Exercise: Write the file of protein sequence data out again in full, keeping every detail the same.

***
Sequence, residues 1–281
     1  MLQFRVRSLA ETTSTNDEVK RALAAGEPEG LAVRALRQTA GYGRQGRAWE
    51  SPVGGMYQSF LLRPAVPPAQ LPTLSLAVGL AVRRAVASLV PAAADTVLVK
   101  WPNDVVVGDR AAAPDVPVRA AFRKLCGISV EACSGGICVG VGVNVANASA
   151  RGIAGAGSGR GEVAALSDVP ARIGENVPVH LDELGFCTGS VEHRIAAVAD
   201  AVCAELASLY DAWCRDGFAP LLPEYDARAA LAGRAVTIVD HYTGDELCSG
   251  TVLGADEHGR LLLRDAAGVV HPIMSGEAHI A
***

Sequence, residues 1–281
     1  MLQFRVRSLA ETTSTNDEVK RALAAGEPEG LAVRALRQTA GYGRQGRAWE
    51  SPVGGMYQSF LLRPAVPPAQ LPTLSLAVGL AVRRAVASLV PAAADTVLVK
   101  WPNDVVVGDR AAAPDVPVRA AFRKLCGISV EACSGGICVG VGVNVANASA
   151  RGIAGAGSGR GEVAALSDVP ARIGENVPVH LDELGFCTGS VEHRIAAVAD
   201  AVCAELASLY DAWCRDGFAP LLPEYDARAA LAGRAVTIVD HYTGDELCSG
   251  TVLGADEHGR LLLRDAAGVV HPIMSGEAHI A